For semiquantative analysis incubate calibrator 2 along with the positive and negative controls and patient samples. For quantitative analysis incubate calibrators 1, 2 and 3 along with the positive and negative controls and patient samples.
|Sample incubation:(1st step)||Transfer 100 ?l of the calibrator, positive and negative controls or diluted patient samples into the individual microplate wells according to the pipetting protocol. Incubate for 30 minutes at room temperature (+18°C to +25°C).|
|Washing:||Manual: Empty the wells and subsequently wash 3 times using 300 ?l of working strength wash buffer for each wash. Automatic: Wash the reagent wells 3 times with 450 ?l of working strength wash buffer (program setting: e.g. TECAN Columbus Washer “Overflow Mode”). Leave the wash buffer in each well for 30 to 60 seconds per washing cycle, then empty the wells. After washing (manual and automated tests), thoroughly dispose of all liquid from the microplate by tapping it on absorbent paper with the openings facing downwards to remove all residual wash buffer. Note: Residual liquid (> 10 ?l) in the reagent wells after washing can interfere with the substrate and lead to false low extinction readings. Insufficient washing (e.g., less than 3 wash cycles, too small wash buffer volumes, or too short residence times) can lead to false high extinction readings. Free positions on the microplate strip should be filled with blank wells of the same plate format as that of the parameter to be investigated.|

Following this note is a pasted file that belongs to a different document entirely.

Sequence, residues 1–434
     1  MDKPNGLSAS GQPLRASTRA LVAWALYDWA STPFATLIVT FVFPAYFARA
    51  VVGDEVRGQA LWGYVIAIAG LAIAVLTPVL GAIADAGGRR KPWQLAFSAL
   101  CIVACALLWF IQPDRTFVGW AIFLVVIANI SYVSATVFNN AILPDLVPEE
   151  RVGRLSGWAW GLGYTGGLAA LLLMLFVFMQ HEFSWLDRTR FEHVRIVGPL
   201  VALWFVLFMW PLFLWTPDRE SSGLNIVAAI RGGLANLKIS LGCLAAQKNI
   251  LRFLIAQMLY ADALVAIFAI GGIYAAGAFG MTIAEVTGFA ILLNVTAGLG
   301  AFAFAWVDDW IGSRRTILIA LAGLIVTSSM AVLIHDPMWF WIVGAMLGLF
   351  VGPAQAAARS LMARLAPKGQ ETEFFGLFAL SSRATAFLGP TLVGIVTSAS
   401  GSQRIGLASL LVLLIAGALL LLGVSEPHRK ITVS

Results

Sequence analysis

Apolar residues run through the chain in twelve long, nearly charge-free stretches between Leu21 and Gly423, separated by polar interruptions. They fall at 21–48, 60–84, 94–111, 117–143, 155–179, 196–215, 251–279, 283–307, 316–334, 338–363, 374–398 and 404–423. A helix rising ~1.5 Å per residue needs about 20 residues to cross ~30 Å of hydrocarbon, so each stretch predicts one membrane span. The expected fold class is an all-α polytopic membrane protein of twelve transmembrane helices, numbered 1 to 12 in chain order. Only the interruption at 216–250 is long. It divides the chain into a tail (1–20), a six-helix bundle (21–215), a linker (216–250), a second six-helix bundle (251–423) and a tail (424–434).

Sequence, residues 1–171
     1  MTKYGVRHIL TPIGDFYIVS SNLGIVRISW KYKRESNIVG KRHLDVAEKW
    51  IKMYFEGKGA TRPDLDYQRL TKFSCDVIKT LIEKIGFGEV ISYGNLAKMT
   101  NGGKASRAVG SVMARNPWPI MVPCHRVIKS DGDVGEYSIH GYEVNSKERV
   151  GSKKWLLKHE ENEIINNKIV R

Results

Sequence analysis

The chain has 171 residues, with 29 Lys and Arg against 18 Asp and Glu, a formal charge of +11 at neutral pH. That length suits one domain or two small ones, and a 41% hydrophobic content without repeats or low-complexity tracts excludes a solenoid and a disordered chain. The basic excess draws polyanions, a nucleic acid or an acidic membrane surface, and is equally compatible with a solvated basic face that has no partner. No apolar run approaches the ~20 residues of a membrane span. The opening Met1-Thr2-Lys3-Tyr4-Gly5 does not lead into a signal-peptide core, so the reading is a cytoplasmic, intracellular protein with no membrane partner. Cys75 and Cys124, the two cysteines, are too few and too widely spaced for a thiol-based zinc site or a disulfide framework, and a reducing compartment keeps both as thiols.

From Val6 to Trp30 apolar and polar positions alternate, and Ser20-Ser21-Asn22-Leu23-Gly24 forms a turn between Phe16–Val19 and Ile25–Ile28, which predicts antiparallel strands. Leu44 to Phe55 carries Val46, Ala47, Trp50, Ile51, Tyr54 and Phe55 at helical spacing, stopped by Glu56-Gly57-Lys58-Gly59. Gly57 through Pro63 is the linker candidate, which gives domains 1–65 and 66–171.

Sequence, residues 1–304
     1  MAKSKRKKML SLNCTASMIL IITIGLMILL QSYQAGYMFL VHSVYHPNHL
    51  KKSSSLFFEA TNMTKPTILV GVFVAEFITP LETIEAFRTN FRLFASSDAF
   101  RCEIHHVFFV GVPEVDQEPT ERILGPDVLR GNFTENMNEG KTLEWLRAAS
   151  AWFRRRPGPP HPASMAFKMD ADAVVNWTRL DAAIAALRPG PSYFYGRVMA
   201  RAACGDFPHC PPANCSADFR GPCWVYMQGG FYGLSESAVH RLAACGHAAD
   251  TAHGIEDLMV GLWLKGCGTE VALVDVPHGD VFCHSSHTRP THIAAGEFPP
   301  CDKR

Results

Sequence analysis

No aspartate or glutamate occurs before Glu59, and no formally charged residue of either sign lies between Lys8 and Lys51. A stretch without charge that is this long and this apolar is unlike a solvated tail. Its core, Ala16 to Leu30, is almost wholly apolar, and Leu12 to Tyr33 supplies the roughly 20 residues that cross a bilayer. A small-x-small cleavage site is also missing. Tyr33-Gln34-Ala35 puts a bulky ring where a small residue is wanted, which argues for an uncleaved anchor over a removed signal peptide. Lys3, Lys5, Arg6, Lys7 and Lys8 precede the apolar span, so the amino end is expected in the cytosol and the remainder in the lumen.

|Conjugate incubation:(2nd step)||Pipette 100 ?l of enzyme conjugate (peroxidase-labelled anti-human IgG) into each of the microplate wells. Incubate for 30 minutes at room temperature (+18°C to +25°C).|
|Washing:||Empty the wells. Wash as described above.|
|Substrate incubation:(3rd step)||Pipette 100 ?l of chromogen/substrate solution into each of the microplate wells. Incubate for 15 minutes at room temperature (+18°C to 25°C) (protect from direct sunlight).|
|Stopping:||Pipette 100 ?l of stop solution into each of the microplate wells in the same order and at the same speed as the chromogen/substrate solution was introduced.|
|Measurement:||Photometric measurement of the colour intensity should be made at a wavelength of 450 nm and a reference wavelength between 620 nm and 650 nm within 30 minutes of adding the stop solution. Prior to measuring, slightly shake the microplate to ensure a homogeneous distribution of the solution.|
|A||C 2||P 6||P 14||P 22||C 1||P 4||P 12||P 20|
|B||pos.||P 7||P 15||P 23||C 2||P 5||P 13||P 21|
|C||neg.||P 8||P 15||P 23||C 3||P 6||P 14||P 22|
|D||P 1||P 9||P 17||pos.||P 7||P 15||P 23|
|E||P 2||P 10||P 18||neg.||P 8||P 16||P 24|
|F||P 3||P 11||P 19||P 1||P 9||P 17|
|G||P 4||P 12||P 20||P 2||P 10||P 18|
|H||P 5||P 13||P 21||P 3||P 11||P 19|
The pipetting protocol for microtiter strips 1 to 4 is an example for the semiquantitative analysis of 24 patient samples (P 1 to P 24). The pipetting protocol for microtiter strips 7 to 10 is an example for the quantitative analysis of 24 patient samples (P 1 to P 24).